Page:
State health officials Tuesday urged Montanans to consider not using e-cigarettes, or vaping products, while a nationwide investigation examines serious lung diseases possibly linked to the products.
“This is a serious health concern and it should be treated as such,” said Sheila Hogan, director of the Montana Department of Public Health & Human Services. “I’m urging Montanans to take note about what is happening in other states and respond accordingly.”
Hogan also said Montanans using any tobacco products, including e-cigarettes, should “consider quitting permanently.”
The U.S. Centers for Disease Control & Prevention (CDC) reported last week that 33 states have identified 450 potential cases of “severe pulmonary illnesses” possibly linked to e-cigarette use.
The state said Montana does not yet have a confirmed case, but Hogan said a few potential cases in Montana are being investigated.
The CDC says that all patients reported using e-cigarette products in the weeks and months prior to becoming ill. Products used by patients may contain nicotine, flavors, cannabinoid products such as THC or CBD, and other chemicals. To date, no single substance or e-cigarette product has been consistently associated with the illness.
Symptoms include coughing, shortness of breath, chest pain, and fatigue. Nausea, vomiting, and diarrhea are also common. Symptoms worsen over a period of days or weeks and do not appear to be caused by a pulmonary infection.
Regardless of the ongoing investigation, DPHHS stressed that people who use e-cigarette products should not buy these products off the street and should not modify e-cigarette products or add any substances that are not intended by the manufacturer. E-cigarette products should never be used by youth, young adults, pregnant women, or adults who do not currently use tobacco products.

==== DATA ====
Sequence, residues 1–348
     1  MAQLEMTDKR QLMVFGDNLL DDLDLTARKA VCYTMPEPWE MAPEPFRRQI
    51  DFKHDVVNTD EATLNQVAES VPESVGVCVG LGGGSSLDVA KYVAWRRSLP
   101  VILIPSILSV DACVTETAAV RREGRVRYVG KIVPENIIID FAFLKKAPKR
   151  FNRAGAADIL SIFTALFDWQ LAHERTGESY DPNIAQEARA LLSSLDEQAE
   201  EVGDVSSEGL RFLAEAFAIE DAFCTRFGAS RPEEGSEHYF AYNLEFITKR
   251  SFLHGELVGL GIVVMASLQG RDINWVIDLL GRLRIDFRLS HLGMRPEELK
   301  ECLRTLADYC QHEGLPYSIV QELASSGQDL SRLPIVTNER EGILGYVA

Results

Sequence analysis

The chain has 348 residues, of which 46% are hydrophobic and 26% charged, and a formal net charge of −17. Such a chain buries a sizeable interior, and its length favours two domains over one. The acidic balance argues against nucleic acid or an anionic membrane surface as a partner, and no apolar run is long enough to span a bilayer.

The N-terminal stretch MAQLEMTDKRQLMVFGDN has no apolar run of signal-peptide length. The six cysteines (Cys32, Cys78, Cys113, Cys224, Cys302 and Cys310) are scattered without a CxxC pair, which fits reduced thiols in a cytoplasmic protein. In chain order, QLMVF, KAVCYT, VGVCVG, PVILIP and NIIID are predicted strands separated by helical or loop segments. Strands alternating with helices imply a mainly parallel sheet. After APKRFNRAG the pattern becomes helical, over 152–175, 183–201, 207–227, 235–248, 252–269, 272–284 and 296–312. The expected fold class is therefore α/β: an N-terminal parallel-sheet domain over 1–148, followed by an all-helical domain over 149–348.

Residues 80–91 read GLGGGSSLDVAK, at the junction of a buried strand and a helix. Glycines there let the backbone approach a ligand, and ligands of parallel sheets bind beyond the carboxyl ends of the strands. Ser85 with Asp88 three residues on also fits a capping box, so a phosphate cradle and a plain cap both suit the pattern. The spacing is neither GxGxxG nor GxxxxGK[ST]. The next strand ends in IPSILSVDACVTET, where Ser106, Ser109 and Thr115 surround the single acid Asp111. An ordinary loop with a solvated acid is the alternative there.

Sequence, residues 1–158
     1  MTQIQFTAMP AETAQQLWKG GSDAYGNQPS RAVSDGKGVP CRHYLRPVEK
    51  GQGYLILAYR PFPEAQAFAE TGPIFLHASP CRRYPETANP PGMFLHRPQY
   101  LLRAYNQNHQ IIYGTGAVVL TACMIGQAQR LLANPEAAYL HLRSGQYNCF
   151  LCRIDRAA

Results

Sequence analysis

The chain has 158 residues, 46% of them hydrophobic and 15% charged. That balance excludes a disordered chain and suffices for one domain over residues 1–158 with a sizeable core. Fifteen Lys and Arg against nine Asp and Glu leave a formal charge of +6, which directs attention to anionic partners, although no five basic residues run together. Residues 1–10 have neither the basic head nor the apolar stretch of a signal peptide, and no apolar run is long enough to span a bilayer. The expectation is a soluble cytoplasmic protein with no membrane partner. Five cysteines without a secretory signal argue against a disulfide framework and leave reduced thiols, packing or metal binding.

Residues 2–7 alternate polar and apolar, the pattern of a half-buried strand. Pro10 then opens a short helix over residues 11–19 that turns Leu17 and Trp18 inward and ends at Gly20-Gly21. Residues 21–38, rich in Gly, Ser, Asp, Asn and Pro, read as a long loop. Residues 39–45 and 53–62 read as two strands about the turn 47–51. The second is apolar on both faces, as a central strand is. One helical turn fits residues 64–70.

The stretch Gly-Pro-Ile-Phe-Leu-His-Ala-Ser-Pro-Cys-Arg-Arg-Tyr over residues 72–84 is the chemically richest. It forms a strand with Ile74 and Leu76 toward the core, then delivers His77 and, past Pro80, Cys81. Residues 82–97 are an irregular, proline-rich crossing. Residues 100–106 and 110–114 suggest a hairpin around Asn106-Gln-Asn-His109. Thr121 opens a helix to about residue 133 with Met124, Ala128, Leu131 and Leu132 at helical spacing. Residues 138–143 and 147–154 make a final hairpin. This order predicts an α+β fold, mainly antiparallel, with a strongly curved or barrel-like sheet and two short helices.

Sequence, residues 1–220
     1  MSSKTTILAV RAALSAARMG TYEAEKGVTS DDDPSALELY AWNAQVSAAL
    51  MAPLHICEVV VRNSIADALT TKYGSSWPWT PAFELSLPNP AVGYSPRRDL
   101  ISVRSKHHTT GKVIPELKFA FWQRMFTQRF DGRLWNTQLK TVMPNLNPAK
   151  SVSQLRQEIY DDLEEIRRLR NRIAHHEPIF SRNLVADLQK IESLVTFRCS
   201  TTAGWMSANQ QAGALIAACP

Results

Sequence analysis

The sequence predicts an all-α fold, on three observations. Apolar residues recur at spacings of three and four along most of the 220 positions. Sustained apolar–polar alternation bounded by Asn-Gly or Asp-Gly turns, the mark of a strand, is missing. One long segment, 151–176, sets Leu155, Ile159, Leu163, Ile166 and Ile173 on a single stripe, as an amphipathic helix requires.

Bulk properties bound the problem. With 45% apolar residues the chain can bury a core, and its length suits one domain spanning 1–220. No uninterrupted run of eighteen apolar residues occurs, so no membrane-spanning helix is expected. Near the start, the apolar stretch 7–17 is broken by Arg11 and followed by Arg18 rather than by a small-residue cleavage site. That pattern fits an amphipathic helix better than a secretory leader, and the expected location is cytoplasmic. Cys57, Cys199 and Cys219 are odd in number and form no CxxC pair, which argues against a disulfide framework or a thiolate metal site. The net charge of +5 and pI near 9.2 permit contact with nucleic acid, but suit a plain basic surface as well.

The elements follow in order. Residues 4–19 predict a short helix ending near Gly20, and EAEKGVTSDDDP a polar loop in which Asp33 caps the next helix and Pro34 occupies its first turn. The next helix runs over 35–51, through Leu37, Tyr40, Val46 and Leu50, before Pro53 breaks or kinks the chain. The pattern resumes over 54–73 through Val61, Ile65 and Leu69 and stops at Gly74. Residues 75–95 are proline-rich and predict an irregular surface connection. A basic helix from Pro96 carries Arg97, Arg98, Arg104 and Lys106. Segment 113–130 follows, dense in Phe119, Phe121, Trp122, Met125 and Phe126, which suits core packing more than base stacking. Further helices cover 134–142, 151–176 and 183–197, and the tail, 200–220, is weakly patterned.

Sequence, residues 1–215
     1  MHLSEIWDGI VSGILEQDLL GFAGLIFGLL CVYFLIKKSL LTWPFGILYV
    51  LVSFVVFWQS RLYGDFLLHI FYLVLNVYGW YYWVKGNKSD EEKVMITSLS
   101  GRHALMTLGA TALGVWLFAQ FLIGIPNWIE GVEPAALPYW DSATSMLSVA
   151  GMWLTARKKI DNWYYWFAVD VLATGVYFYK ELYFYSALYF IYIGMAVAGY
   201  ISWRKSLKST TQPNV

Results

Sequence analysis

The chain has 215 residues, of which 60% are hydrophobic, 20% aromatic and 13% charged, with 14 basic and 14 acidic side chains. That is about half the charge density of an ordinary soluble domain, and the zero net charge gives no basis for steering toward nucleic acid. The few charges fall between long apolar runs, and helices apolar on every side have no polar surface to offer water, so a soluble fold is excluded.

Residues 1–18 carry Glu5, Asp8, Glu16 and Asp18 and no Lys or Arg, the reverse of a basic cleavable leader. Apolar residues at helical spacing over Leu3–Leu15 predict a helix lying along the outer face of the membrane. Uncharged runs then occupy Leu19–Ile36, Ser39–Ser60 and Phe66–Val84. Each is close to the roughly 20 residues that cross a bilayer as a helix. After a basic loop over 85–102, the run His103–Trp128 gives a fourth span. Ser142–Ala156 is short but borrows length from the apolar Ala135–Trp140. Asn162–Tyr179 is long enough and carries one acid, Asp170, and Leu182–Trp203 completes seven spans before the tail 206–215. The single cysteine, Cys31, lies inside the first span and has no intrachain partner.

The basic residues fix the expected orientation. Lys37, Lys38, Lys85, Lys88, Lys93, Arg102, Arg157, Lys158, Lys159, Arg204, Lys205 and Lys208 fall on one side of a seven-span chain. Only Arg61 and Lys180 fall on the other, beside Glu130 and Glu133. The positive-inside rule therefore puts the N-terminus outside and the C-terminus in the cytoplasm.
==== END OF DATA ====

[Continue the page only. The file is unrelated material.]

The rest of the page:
Two weeks ago, the Vapor Technology Association, which represents vape shops, said reports on these lung diseases indicate they are caused by “illicit substances” such as THC and cannabis in the cigarettes, and not the e-cigarettes themselves.
A Montana vape-shop owner also told MTN News Tuesday that he believes vaping products from a “reputable vape shop” should be fine, and that the problems appear to have come from e-cigarettes or vaping products that have been altered by a third party or bought on the street.
“We’re licensed by the state and covered by the regulations of the Food and Drug Administration,” said Ron Marshall of Freedom Vapes, which has shops in Bozeman, Belgrade and Hamilton. “You’ve got (other) people out there basically making bath-tub gin.”
He agreed with state officials that people should not buy products from anywhere but a licensed shop, and that the products shouldn’t be used by minors.
State officials, however, said vaping products emit an aerosol that exposes the user to numerous substances, from which the long-term health effects are unknown.
E-cigarettes sometimes are marketed as safer alternatives to regular tobacco cigarettes.
Greg Holtzman, the state medical officer, said people who don’t use tobacco shouldn’t start using vape products and that if they are trying to quit tobacco, they should access cessation methods approved by the FDA.